On this Hyperion disc, all-European singing group Cinquecento takes on one of the great forgotten figures of the renaissance -- and there are many, though none so unjustly as he -- Philippe de Monte. Composer of more than 1,200 madrigals, Monte didn't make much of a showing in sacred music until he joined the court of Maximilian II in 1567, where he remained -- to some extent against his will -- for the next 35 years. While Monte's sacred output doesn't quite match up to his madrigals in sheer numbers, it is still a considerable amount of music -- he composed some 40 settings of the mass alone -- that has been heretofore little explored. Combined with Cinquecento's naturally flowing, thoughtful, and inspired interpretations of these pieces, Hyperion's Missa Ultimi miei Sospiri is probably the best handle in terms of meeting Monte halfway.
In his time, Monte was a friend to both William Byrd and Orlandus Lassus, and, as a composer, considered in the same class with Palestrina. His reputation quickly sank in the wake of his death in 1603; some sources cite the departure of the Habsburg Court for Prague in 1583 removed Monte just far enough from the cultural centers of Europe for his fame to slip into the cracks. However, it seems like common sense that someone who had published 34 books of madrigals -- more than any renaissance composer -- would be remembered for a long time no matter where he lived. Cinquecento has done Monte the ultimate service here, through fine performances and dedicated advocacy, in making clear precisely why the names of Lassus and Palestrina went into the history books and not that of Monte: changing trends.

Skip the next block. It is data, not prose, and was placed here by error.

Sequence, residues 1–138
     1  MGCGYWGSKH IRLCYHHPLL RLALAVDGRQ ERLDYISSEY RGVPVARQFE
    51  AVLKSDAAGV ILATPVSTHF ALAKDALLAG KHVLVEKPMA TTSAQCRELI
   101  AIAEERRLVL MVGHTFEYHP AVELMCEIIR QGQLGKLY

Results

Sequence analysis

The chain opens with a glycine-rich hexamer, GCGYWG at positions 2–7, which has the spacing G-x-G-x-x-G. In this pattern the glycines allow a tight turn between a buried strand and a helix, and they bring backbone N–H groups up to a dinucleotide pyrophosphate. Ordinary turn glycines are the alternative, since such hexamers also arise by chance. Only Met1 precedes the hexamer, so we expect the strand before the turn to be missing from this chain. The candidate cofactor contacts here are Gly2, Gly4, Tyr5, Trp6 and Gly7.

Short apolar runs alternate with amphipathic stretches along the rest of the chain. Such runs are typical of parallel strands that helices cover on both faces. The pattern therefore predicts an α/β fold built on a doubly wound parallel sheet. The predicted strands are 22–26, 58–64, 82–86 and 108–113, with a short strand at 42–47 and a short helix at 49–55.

Included along with the Monte works on this program is a motet by Philippe Verdelot, Ultima miei Sospiri. Considered cutting edge when first published in 1541, Ultima miei Sospiri would have been considered a golden oldie by the time Monte used it as the basis of his Missa Ultima miei Sospiri, the featured work on this disc, likely in the 1580s. The style of Verdelot's motet informs not only the mass that is based on it, but all of the music heard on this disc. Monte employs a solid, yet conservative style that has little of the shrewd cosmopolitanism of Lassus or the free-floating transparency of Palestrina. However, there are surprises -- the dour, discordant harmonies of Monte's Miserere; the scattered entrances of Ad te levavi; or even just the sheer beauty of the setting of Asperges me, Domine. Monte's sacred music does repay repeated listening, and some of it is complex enough that taking a given piece for another spin around the block seems almost a requirement. Cinquecento's singing is fabulous throughout, as is the sound, and while its hard to say what role Hyperion's Missa Ultimi miei Sospiri might play in bringing Philippe de Monte back into the fold of top-ranking renaissance composers, if this can't do it, who knows what will.